|Colony of Denmark–Norway (1721–1814)|
Colony of Denmark (1814–1950)
North Greenland (dark green) in 1815
|Frederick IV first|
|Frederick IX last|
|Johan Friedrich Schwabe first|
|Carl Fredrik Simony last|
|Today part of||Kingdom of Denmark|
The Northern Inspectorate of Greenland also known as North Greenland was a Danish inspectorate on Greenland consisting of the trading centers and missionary stations along the northwest coast of the island.
North Greenland was established in 1721. Its capital was at Godhavn (modern Qeqertarsuaq). The southernmost town of North Greenland was Egedesminde, which bordered Holsteinborg, which was the northernmost town of South Greenland. This boundary between North and South Greenland ran at around 68°N latitude, and in the North, North Greenland stretched to 78°N to enclose Thule.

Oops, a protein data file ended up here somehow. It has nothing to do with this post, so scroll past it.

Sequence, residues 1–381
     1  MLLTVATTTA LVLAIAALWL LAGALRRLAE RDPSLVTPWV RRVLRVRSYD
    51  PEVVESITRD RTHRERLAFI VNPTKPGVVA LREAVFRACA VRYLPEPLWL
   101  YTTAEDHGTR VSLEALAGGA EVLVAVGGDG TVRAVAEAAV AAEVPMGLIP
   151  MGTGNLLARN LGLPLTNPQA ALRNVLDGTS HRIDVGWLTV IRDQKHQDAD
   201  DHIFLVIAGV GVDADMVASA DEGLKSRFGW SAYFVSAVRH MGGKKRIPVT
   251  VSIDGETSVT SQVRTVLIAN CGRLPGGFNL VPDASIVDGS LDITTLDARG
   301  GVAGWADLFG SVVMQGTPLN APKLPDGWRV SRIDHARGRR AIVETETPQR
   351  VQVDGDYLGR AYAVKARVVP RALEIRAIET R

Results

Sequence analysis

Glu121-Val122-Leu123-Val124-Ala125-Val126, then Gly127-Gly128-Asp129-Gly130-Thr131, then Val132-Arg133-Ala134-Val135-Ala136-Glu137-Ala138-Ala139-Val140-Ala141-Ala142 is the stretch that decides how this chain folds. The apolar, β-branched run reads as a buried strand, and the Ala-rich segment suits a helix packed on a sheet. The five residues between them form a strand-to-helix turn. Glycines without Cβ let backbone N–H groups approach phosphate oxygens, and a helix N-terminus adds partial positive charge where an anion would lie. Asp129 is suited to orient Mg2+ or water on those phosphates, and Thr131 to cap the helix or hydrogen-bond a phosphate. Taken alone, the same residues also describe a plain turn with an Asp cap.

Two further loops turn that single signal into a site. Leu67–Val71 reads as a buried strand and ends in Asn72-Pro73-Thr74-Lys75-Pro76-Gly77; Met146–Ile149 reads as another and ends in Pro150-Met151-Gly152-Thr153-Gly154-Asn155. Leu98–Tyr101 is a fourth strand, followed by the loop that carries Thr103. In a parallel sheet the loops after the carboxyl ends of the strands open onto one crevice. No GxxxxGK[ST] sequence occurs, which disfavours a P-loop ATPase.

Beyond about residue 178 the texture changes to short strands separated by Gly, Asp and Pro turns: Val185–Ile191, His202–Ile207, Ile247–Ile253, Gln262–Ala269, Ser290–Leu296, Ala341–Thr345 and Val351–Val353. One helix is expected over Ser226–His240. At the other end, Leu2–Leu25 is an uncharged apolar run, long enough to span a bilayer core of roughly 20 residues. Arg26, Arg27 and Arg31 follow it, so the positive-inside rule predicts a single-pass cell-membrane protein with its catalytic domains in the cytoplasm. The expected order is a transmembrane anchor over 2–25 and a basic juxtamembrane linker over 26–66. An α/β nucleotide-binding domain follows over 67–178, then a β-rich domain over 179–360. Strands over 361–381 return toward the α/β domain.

In 1911, as the administration of the colony was removed from the Royal Greenland Trading Department and folded into the Danish Ministry of the Interior, a provincial council (Danish: landsråd) was established. It was elected indirectly from the local councils and had little say in the management of the colony.
- List of inspectors of North Greenland, for the chief officers of the colony between 1782 and 1924
- List of governors of North Greenland, for the chief officers of the colony between 1924 and 1950
- Avannaa County, Greenland, a former administrative division of Greenland also known as "North Greenland" in English
- South Greenland
- International Work Group for Indigenous Affairs, An Indigenous Parliament?, IWGIA, 2005, p. 156.
- Brewster, David. "Greenland". The Edinburgh Encyclopedia, Vol 10. J. & E. Parker, 1832.
- James Bell: A System of Geography. Glasgow 1892. p. 281 CHAP. III-GREENLAND.
- Etableringen af Landsrådene (The Creation of Local Councils of Greenland, 1911-2011), cites the laws of 27 May 1950 merging both local councils, with an election in 1951.